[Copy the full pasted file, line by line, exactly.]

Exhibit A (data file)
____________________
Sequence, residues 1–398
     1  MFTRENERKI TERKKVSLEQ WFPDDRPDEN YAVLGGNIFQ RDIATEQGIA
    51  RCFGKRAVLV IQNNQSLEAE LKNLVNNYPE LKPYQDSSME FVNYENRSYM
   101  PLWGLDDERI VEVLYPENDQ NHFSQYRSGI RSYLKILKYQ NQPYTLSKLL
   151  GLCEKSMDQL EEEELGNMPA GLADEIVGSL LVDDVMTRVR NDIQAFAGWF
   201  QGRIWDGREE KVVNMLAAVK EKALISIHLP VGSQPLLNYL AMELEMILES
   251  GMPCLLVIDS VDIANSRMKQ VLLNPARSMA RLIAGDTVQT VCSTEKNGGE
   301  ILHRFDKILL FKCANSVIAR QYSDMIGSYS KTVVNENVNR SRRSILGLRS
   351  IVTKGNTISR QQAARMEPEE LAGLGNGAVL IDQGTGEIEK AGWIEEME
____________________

Sequence, residues 1–398
     1  MFTRENERKI TERKKVSLEQ WFPDDRPDEN YAVLGGNIFQ RDIATEQGIA
    51  RCFGKRAVLV IQNNQSLEAE LKNLVNNYPE LKPYQDSSME FVNYENRSYM
   101  PLWGLDDERI VEVLYPENDQ NHFSQYRSGI RSYLKILKYQ NQPYTLSKLL
   151  GLCEKSMDQL EEEELGNMPA GLADEIVGSL LVDDVMTRVR NDIQAFAGWF
   201  QGRIWDGREE KVVNMLAAVK EKALISIHLP VGSQPLLNYL AMELEMILES
   251  GMPCLLVIDS VDIANSRMKQ VLLNPARSMA RLIAGDTVQT VCSTEKNGGE
   301  ILHRFDKILL FKCANSVIAR QYSDMIGSYS KTVVNENVNR SRRSILGLRS
   351  IVTKGNTISR QQAARMEPEE LAGLGNGAVL IDQGTGEIEK AGWIEEME